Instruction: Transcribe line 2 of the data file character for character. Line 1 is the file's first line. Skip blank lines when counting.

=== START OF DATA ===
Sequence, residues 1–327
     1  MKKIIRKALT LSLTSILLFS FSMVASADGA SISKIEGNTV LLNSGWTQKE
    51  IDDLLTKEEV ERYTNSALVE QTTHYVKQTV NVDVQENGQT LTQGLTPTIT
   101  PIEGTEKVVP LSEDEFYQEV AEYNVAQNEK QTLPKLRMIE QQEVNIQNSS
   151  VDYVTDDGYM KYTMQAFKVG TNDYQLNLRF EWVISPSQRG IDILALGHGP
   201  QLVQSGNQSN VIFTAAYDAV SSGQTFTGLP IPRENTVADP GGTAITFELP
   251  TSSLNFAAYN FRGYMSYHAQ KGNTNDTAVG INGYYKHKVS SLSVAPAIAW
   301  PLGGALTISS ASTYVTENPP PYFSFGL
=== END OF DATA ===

     1  MKKIIRKALT LSLTSILLFS FSMVASADGA SISKIEGNTV LLNSGWTQKE